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The marginal utility of money: A modern Marshallian approach to consumer choice

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  • József Sákovics

    ()

  • Daniel Friedman (University of California at Santa Cruz)

Abstract

We reformulate neoclassical consumer choice by focusing on lamda, the marginal utility of money. As the opportunity cost of current expenditure, lamda is approximated by the slope of the indirect utility function of the continuation. We argue that lamda can largely supplant the role of an arbitrary budget constraint in partial equilibrium analysis. The result is a better grounded, more flexible and more intuitive approach to consumer choice.

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Bibliographic Info

Paper provided by Edinburgh School of Economics, University of Edinburgh in its series ESE Discussion Papers with number 209.

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Length: 31
Date of creation: 02 Aug 2011
Date of revision:
Handle: RePEc:edn:esedps:209

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Keywords: budget constraint; separability; value for money;

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  1. Weitzman, Martin L, 1974. "Prices vs. Quantities," Review of Economic Studies, Wiley Blackwell, Wiley Blackwell, vol. 41(4), pages 477-91, October.
  2. David Genesove & Christopher Mayer, 2001. "Loss Aversion And Seller Behavior: Evidence From The Housing Market," The Quarterly Journal of Economics, MIT Press, MIT Press, vol. 116(4), pages 1233-1260, November.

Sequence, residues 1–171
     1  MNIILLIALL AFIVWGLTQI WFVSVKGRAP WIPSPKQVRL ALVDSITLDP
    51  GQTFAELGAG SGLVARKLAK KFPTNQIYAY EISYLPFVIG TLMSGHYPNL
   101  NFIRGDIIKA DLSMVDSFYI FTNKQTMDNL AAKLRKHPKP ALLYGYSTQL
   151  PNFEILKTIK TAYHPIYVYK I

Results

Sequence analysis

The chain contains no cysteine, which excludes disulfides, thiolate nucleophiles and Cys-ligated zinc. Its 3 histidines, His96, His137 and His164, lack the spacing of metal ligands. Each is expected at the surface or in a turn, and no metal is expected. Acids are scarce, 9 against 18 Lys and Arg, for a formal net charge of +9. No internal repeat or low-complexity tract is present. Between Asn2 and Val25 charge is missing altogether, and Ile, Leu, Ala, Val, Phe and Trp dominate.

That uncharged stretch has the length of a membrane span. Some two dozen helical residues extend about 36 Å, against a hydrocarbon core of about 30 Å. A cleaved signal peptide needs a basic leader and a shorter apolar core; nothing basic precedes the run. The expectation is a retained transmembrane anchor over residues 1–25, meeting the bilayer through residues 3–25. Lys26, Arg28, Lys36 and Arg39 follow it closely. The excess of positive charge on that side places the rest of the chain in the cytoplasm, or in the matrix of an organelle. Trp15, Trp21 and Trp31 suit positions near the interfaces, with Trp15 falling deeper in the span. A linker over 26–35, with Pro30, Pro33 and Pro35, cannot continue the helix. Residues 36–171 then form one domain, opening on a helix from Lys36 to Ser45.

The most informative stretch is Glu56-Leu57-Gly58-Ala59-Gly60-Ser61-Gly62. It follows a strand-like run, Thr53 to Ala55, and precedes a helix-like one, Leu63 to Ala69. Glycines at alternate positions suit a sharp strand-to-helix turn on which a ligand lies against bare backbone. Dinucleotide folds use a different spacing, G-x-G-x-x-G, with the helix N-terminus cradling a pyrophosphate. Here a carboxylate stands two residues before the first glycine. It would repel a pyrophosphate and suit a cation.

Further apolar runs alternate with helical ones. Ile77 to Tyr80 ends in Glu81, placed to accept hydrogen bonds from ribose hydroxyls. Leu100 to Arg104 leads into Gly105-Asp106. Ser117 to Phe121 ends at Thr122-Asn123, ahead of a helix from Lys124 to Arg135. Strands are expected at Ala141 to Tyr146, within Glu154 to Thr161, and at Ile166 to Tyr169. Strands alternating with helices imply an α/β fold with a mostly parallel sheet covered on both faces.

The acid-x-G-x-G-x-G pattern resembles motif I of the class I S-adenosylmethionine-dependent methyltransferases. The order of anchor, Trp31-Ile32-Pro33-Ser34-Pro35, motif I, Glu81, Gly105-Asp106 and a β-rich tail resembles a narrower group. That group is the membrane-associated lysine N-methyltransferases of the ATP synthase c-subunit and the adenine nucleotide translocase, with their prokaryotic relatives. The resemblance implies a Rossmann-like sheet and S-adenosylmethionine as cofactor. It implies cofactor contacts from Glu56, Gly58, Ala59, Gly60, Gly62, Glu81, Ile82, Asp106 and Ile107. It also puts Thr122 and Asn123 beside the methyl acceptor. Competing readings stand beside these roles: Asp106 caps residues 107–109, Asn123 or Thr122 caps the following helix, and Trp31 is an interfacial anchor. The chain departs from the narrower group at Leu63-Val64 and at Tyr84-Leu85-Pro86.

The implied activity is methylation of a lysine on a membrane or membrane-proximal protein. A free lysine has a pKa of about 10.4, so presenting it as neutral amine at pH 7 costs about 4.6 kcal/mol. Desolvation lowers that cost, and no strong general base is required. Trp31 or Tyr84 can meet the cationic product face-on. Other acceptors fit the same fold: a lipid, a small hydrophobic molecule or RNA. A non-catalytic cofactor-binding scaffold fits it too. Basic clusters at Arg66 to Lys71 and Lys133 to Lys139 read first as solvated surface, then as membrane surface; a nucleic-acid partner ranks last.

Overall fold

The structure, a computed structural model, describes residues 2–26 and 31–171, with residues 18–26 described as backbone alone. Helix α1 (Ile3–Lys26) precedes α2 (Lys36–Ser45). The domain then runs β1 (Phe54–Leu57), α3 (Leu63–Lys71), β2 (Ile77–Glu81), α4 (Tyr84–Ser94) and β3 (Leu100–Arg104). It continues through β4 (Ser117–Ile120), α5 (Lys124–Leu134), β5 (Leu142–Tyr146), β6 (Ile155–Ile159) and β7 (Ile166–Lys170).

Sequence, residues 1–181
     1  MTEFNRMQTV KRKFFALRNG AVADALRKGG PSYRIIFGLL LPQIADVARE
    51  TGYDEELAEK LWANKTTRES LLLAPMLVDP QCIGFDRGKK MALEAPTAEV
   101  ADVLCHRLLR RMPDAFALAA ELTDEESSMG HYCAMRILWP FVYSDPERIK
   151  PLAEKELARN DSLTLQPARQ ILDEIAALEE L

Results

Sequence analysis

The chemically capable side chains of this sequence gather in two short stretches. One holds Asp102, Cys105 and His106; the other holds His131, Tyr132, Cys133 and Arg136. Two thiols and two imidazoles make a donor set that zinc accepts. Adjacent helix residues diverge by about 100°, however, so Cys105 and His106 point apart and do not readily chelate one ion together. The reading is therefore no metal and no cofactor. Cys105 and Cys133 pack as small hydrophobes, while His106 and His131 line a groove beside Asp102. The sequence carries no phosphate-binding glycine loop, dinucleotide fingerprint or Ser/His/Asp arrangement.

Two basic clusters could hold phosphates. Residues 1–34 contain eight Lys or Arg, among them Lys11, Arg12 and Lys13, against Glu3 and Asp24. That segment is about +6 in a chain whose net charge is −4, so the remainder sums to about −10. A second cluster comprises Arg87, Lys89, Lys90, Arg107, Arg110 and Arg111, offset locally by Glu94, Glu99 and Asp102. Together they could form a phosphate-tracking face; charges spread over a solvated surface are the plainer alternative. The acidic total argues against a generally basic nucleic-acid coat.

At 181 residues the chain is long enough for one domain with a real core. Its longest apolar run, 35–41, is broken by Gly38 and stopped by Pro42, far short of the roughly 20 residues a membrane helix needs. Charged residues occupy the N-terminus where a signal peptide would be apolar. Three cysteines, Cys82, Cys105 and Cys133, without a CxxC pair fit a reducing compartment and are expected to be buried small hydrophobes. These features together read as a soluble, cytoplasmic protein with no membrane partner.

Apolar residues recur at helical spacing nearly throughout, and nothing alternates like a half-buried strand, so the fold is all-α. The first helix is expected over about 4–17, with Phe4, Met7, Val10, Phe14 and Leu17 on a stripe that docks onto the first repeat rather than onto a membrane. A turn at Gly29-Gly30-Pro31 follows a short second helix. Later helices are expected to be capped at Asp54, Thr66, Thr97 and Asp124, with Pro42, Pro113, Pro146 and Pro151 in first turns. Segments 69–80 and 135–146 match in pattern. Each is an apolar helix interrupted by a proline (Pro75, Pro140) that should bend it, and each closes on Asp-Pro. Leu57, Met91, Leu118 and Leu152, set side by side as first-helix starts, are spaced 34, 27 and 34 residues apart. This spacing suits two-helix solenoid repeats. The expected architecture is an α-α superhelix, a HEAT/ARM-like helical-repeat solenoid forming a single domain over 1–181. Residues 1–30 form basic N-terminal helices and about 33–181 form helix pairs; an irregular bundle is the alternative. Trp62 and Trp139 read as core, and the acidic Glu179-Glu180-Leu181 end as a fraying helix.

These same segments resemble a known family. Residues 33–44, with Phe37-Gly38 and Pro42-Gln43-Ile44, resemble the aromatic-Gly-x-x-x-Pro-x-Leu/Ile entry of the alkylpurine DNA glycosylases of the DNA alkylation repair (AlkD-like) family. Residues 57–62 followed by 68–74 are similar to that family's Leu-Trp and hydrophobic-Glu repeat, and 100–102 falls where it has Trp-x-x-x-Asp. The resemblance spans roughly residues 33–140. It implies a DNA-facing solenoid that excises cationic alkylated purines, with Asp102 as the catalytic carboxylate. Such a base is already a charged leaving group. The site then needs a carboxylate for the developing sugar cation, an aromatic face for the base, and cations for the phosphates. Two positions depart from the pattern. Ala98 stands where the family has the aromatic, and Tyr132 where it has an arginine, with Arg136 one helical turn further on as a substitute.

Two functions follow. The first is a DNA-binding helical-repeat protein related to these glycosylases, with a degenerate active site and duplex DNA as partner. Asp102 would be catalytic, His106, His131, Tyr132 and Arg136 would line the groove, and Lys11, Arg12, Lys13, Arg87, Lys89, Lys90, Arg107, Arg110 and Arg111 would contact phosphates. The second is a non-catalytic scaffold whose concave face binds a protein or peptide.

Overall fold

3. Read, Daniel & Loewenstein, George & Rabin, Matthew, 1999. "Choice Bracketing," Journal of Risk and Uncertainty, Springer, Springer, vol. 19(1-3), pages 171-97, December.
  4. Cox, James C, 1975. "Portfolio Choice and Saving in an Optimal Consumption-Leisure Plan," Review of Economic Studies, Wiley Blackwell, Wiley Blackwell, vol. 42(1), pages 105-16, January.
  5. Sákovics, József, 2011. "Reference distorted prices," SIRE Discussion Papers, Scottish Institute for Research in Economics (SIRE) 2011-28, Scottish Institute for Research in Economics (SIRE).
  6. Gerard Debreu, 1959. "Topological Methods in Cardinal Utility Theory," Cowles Foundation Discussion Papers, Cowles Foundation for Research in Economics, Yale University 76, Cowles Foundation for Research in Economics, Yale University.
  7. Vives, Xavier, 1987. "Small Income Effects: A Marshallian Theory of Consumer Surplus and Downward Sloping Demand," Review of Economic Studies, Wiley Blackwell, Wiley Blackwell, vol. 54(1), pages 87-103, January.
  8. George J. Stigler, 1950. "The Development of Utility Theory. II," Journal of Political Economy, University of Chicago Press, University of Chicago Press, vol. 58, pages 373.
  9. Deaton, Angus S, 1977. "Involuntary Saving through Unanticipated Inflation," American Economic Review, American Economic Association, vol. 67(5), pages 899-910, December.
  10. Hauser, John R & Urban, Glen L, 1986. " The Value Priority Hypotheses for Consumer Budget Plans," Journal of Consumer Research, University of Chicago Press, University of Chicago Press, vol. 12(4), pages 446-62, March.
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Cited by:
  1. Friedman, Daniel & Isaac, R. Mark & James, Duncan & Sunder, Shyam, 2014. "Risky Curves: On the Empirical Failure of Expected Utility," Santa Cruz Department of Economics, Working Paper Series qt87v8k86z, Department of Economics, UC Santa Cruz.

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